Dear Melvin, My Boyfriend's Sister Treats Me Badly...

Dear Melvin,

I have been dating my boyfriend, Mark, for a year and a half. So far, so good! At 34, I am ready to settle down and have a family. He's a wonderful man and we have a lot of shared values. My family really loves him, as do I. 

Our relationship has been a dream, except for one tiny problem...his sister, Trisha. Mark and Trisha hang out once a week (if not more). She calls, texts, or pops over constantly. Since I've entered the scene, she has done everything in her power to exclude me. 

For example, if we go to his family's house for Christmas or Thanksgiving, Trisha will roll her eyes every time I speak. If I send her an email, inviting her to dinner with us, she will ignore it and state that she never received it. If I send a text, she will press delete without responding. She is careful not to criticize me openly in Mark's presence, but one-on-one, she has something snarky to say about my hair, my clothes and even my laugh.

Obviously, this hurts my feelings. I'd like us all to be close and have repeatedly tried to extend an olive branch. But, I'm at the point of throwing in the towel. I have raised the issue with Mark. He either says he doesn't notice (and I'm being sensitive) or sheepishly admits that he doesn't know what to do. Mark hates conflict and would rather bury his head in the sand than kick up dust with his sister. 

I'm not sure if this is a deal-breaker, but I'm confident that I'm fed up. Please help!

Grouchy in Gramercy

Dear Grouchy,

"For this cause [a good girlfriend/potential wife] shall a man leave father and mother [and sister who's a hater], and shall cleave to his [would-be] wife."

Matthew 19:5, King Melvin's Version.

I'm no Bible-thumper. But, I love this particular Bible verse, especially as interpreted by me. The Bible drops a lot of knowledge in this one little verse.  To have a functional romantic relationship/marriage, you need to establish boundaries with your family and "separate" from them.  I say "separate" because you should never abandon your family, but to make your romantic relationship work, it needs to be the priority.  It needs to be nourished, protected and respected.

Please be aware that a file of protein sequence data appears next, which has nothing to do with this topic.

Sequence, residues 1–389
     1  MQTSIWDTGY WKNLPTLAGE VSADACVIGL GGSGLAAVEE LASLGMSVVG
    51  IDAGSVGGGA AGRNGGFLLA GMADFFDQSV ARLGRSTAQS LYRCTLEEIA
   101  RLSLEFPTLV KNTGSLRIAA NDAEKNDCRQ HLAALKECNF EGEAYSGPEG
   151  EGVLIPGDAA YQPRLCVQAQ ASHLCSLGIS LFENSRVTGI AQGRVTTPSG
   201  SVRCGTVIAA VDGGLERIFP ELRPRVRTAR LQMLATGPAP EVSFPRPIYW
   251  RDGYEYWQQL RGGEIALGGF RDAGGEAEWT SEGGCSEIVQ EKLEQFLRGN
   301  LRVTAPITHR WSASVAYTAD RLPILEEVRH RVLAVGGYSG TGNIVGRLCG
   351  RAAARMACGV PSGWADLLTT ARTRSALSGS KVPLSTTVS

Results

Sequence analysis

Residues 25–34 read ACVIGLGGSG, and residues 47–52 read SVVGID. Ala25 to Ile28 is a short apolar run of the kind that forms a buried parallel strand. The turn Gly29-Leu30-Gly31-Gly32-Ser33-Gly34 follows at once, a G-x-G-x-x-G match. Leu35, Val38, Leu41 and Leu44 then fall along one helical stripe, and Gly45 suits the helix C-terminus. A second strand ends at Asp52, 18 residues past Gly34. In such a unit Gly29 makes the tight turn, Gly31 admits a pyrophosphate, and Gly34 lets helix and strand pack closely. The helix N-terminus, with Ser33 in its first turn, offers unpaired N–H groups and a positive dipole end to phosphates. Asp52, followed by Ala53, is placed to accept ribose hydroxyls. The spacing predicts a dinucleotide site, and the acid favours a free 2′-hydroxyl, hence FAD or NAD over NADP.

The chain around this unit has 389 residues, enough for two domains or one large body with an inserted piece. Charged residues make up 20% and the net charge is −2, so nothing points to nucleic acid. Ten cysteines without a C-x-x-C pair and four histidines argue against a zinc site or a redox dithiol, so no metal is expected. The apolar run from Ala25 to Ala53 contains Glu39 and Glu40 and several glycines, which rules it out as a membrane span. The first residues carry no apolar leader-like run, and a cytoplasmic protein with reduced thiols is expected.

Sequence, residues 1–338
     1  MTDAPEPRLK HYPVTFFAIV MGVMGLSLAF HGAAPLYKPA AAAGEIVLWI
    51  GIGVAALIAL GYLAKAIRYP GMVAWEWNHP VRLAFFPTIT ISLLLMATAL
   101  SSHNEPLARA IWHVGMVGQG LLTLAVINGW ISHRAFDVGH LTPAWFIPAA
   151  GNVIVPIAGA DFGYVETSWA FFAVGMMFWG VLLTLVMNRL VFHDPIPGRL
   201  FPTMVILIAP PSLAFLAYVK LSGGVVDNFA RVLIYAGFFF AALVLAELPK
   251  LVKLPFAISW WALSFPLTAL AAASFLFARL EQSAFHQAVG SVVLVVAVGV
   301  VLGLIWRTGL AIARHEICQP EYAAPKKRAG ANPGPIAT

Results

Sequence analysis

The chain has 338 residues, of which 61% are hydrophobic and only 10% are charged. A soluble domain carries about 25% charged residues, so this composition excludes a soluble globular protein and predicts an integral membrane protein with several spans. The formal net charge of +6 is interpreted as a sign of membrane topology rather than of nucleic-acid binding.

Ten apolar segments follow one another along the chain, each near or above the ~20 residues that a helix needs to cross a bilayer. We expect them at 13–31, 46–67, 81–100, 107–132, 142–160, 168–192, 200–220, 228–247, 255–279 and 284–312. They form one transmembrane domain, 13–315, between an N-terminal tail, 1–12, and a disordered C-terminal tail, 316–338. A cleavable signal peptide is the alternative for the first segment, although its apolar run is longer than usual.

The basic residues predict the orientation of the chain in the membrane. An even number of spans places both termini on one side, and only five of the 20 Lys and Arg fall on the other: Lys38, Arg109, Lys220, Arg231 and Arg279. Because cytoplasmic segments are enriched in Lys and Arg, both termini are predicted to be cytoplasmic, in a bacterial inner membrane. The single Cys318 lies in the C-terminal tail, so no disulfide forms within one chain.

It's clear that Trisha is threatened by your relationship with Mark.  Trisha's behavior is blatantly disrespectful.  Excluding you from family events?!  Rolling her eyes when you speak?!  I commend you for not poking her in the eye like one of the Three Stooges. She clearly doesn't want you around so that she can have her brother all to herself. You don't need to be close to Trisha.  You just need her to respect you.  

Mark is dead wrong for not addressing this.  What kind of man is this?  As long as you are respectful to his family, he should demand the same respect be shown to you.  Nobody likes confrontation, but he should be more bothered by the fact that his girlfriend is being excluded and belittled.  Acting like he can't see it (or shrugging his shoulders when he does) is not acceptable.

My advice is that you have one more conversation with Mark in which you explain that you would never tolerate someone disrespecting him--not even close family--and his failure to respond makes you feel upset and excluded.  You may also try to have a conversation with Trisha in which you call her out on her crap.  Point out all the specific incidents of her disrespect (and, I do mean specific examples and not generalized statements). Sometimes, people back down when called out on their messy behavior.  However, my experience tells me she will play the girl-you-know-I-love-you-I-will-be-nice-for-a-week-and-then-return-to-being-a-wench card. 

If the behavior continues and Mark still won't address it then I advise this:  

Tell Mark that you are disappointed that he won't stand up for you. Let him know you need time to yourself to contemplate whether you can commit to someone who doesn't demand you be included and respected. Then, plan a trip out of town. Be vague about where you're going and for how long. Maintain little (if any) contact with Mark while you are gone (i.e., one sentence texts sent hours after he texts you).  The time away should force him to realize that there are certain needs only his girlfriend, not his sister, can fulfill.  

If it turns out your man still hasn't woken up, as hurtful as it may be, you will have to leave this relationship. (And, in this regard, you will have dodged a bullet.) This is a foreshadowing of your future together--the first in what will be a long line of times he won't stand up for you. Each time it happens, you'll lose a little more respect for him until you have none left at all.

Do keep me posted. And, good luck, Grouchy.


King Melvin

Melvin Browning